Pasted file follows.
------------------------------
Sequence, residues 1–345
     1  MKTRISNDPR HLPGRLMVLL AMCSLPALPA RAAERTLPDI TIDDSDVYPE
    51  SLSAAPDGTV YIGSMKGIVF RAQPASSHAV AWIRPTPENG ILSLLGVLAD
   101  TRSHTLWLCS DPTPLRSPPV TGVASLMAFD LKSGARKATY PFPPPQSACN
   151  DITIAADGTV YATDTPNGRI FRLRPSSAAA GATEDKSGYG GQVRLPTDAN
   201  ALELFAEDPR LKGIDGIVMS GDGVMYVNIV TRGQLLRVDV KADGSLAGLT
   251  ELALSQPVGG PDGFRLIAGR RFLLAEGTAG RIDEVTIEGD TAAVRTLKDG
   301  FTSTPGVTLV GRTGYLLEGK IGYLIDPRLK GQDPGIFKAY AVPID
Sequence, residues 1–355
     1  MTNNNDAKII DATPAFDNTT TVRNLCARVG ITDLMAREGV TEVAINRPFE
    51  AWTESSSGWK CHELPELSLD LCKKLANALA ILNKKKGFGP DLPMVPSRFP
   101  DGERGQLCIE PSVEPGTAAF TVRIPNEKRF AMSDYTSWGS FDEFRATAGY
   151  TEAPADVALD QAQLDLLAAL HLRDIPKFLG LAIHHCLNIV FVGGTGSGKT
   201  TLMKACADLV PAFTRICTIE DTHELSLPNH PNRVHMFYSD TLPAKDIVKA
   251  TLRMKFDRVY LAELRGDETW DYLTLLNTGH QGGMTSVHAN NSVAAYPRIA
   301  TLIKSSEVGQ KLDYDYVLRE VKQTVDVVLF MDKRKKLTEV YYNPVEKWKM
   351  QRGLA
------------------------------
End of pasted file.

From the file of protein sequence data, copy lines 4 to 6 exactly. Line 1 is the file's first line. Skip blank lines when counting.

   101  TRSHTLWLCS DPTPLRSPPV TGVASLMAFD LKSGARKATY PFPPPQSACN
   151  DITIAADGTV YATDTPNGRI FRLRPSSAAA GATEDKSGYG GQVRLPTDAN
   201  ALELFAEDPR LKGIDGIVMS GDGVMYVNIV TRGQLLRVDV KADGSLAGLT